You are hardly qualified to talk about misinformation. Truman wasn’t defeated by Eisenhower in 1952 because he didn’t run for reelection. It seems that the simplest facts like these evade you. It wasn’t Truman who ordered his troops over the 38th Parallel in June 1950, but Kim Il Song, in collusion with that other great version of socialist virtue, Josef Stalin. There is plenty of original sources material available on the Korean War, and you should enlighten yourself before putting down these banalities in print. By what right do you talk about his “widely despised war” when you seem to be putting the victims in the agressor’s shoes and vice versa. Mao was one of the most vicious and murderous tyrants of the 20th century, and if the peasants of Long Bow were freed from their bound feet (something made illegal when the ROC came into existence in 1911), that remark of yours has about as much resonance as saying that Hitler wasn’t that bad because he built the Autobahns and ended unemployment.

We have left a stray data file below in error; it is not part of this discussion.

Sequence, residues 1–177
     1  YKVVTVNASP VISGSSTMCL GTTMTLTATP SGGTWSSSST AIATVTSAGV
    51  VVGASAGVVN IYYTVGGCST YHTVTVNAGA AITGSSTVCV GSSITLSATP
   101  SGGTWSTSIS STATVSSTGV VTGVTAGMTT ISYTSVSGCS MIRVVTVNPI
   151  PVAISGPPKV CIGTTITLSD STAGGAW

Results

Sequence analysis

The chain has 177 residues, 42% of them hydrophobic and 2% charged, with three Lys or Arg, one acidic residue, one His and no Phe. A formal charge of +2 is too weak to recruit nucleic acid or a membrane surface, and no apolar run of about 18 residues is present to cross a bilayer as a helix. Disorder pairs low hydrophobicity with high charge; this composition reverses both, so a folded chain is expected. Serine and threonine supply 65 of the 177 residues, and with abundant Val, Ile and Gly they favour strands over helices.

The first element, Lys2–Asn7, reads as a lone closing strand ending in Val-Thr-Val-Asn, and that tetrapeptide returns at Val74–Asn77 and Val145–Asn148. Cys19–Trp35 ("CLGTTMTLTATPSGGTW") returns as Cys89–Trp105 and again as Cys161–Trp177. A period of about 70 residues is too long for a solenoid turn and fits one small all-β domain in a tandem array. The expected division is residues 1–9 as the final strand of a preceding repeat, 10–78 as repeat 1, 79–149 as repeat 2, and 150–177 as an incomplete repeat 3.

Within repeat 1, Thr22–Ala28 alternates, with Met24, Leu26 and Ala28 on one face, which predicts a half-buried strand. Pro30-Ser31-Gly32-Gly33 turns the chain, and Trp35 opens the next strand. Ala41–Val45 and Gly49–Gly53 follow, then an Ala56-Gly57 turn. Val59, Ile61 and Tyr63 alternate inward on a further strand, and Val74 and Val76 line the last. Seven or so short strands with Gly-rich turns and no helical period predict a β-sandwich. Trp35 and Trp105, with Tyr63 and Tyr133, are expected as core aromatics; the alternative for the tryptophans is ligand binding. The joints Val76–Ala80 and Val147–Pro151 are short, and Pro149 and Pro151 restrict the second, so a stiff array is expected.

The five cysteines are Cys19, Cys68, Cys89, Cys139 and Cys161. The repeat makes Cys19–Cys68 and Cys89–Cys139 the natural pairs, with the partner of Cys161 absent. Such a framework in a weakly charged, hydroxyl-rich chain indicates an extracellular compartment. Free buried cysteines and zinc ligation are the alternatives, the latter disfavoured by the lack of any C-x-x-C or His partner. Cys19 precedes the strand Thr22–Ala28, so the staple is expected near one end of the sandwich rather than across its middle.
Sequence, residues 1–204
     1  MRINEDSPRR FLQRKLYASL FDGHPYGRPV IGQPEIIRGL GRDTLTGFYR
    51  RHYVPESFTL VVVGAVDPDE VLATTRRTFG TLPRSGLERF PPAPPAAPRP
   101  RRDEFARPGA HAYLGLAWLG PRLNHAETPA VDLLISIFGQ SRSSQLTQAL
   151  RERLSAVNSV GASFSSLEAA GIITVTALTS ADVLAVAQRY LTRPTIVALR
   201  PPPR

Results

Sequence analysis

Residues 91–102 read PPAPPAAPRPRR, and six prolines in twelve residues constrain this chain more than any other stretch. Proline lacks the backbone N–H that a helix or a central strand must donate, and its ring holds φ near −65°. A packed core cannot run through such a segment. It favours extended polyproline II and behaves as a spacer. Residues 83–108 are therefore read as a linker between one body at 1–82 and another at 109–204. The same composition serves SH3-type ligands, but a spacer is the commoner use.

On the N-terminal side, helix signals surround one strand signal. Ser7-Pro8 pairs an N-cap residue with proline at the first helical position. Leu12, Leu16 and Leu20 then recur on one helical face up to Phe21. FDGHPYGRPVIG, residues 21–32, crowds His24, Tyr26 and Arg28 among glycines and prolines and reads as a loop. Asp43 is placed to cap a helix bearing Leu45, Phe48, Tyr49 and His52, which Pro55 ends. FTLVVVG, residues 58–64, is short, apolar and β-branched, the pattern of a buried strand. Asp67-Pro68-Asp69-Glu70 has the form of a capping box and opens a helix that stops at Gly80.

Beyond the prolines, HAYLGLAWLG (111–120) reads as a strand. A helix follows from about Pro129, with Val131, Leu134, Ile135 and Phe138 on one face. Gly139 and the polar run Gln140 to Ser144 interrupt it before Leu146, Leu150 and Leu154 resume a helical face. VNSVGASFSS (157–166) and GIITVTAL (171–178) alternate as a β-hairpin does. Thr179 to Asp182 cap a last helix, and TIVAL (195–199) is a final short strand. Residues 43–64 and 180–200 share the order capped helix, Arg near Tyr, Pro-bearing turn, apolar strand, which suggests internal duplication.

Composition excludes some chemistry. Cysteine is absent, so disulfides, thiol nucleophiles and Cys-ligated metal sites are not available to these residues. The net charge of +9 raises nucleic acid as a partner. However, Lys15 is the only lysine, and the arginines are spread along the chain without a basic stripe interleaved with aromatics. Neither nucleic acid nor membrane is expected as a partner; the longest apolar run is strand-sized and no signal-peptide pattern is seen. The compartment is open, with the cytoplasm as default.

In “The Great Reversal,” Hinton showed his dismay at the way in which things went in China after Deng Xiao Ping took over and China took the “Capitalist road” (“you zhongguo tese de shehuizhuyi” as party-speak tells it). Yet, he supported the Cultural Revolution with its wholesale destruction of people’s lives and Chinese culture. Some Chinese cultural artifacts are only available in Taiwan, which was spared the ravages of the Cultural Revolution.

    Wiritng such trash as this shows nothing other than your complete lack of a knowledge base beyond one or two books that cause your Marxist emotions to flow.

    If this is the best you can do, why don’t you go back to your recognized field of expertise — physiology — and leave politics and history to those who actually bother to educate themselves on the subject.